We made it! We survived our first year raising twins. It’s hard to believe that a year ago we went from thinking I just had an “inability to void” to “we’re having babies” in only five minutes. No, doctor, I’m not constipated…I’m in labor and that’s a baby’s butt you feel! It was like an out of body experience as they prepped me for surgery…one thing’s for certain, this wasn’t how I was expecting to spend my Saturday night. I was shaking terribly and I don’t know if it was nerves, medication, or a combination of both, but one nurse had to physically restrain me so they could administer the spinal block. It was only then, when my lower body went numb, that I could start to wrap my mind about what was about to happen. I said my favorite Bible verse (Nahum 1:7) repeatedly in my head, “The LORD is good. A refuge in times of trouble. He cares for those who trust in HIM.” With any luck, the steroids I’d been injected with nearly three days earlier when my water broke had done their job and would allow my babies to breathe on their own. At only 32 weeks and 5 days gestation, we knew they were going to have to go straight to the NICU. We just prayed that they wouldn’t have any complications; that they would only have the “normal preemie” issues. Thankfully, they were both remarkably healthy and hearty for preemie twins. Grant Louis tipped the scales at 4 lbs 7 oz and was 18 ½ inches long. Today he’s 20 lbs and 29 inches long. Maria Isabel weighed in at 4 lbs 3 oz and was 17 inches long. Today she’s 18 lbs 14 oz and 28 ½ inches long. We’ve even graduated out of measuring them against their adjusted age as things start to even out about now. They are both around the 15-20th percentile, although Grant’s head is still at the 75th. Grant is crawling, pulling up on everything, and has 4 teeth. Maria can spin in circles and go in reverse, but hasn’t mastered forward motion yet. She’s sporting 6 teeth. Both have a wide range of vocalizations, but I think our favorite is Maria’s karate “HIYA!”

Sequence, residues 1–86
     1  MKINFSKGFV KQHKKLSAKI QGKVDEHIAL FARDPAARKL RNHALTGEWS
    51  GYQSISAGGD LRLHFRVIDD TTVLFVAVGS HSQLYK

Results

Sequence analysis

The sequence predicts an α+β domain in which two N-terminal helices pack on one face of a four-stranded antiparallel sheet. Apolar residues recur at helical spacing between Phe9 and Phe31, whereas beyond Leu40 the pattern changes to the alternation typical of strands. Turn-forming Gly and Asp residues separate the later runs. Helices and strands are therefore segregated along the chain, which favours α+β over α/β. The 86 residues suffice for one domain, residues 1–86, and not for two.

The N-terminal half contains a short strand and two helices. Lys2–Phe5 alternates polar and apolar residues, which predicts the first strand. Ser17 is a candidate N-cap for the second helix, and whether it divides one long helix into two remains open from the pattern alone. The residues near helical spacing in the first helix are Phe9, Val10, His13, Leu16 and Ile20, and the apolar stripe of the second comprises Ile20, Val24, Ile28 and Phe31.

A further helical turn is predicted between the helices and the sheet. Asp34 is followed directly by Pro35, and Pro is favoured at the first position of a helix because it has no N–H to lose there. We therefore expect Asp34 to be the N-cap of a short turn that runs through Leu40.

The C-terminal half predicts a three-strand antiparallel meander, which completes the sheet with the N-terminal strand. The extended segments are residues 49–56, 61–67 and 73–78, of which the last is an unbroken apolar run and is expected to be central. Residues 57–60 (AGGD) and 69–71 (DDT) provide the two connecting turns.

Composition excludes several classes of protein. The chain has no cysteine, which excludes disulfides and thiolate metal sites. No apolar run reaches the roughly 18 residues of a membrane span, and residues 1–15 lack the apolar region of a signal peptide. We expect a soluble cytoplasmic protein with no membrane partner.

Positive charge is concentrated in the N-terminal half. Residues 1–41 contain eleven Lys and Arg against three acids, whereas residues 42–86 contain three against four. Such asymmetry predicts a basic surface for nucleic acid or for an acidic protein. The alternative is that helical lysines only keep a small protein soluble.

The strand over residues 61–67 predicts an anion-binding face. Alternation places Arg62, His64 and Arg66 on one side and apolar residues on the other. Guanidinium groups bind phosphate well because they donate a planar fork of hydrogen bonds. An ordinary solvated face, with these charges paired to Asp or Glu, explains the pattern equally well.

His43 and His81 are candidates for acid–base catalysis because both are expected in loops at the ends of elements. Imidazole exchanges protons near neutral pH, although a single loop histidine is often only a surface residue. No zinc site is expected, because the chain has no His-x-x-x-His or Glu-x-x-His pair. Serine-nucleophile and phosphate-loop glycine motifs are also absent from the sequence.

We’ve learned a lot over the last year and I know it’s only the beginning. Here are some of things we’ve taken away from our first year of parenthood: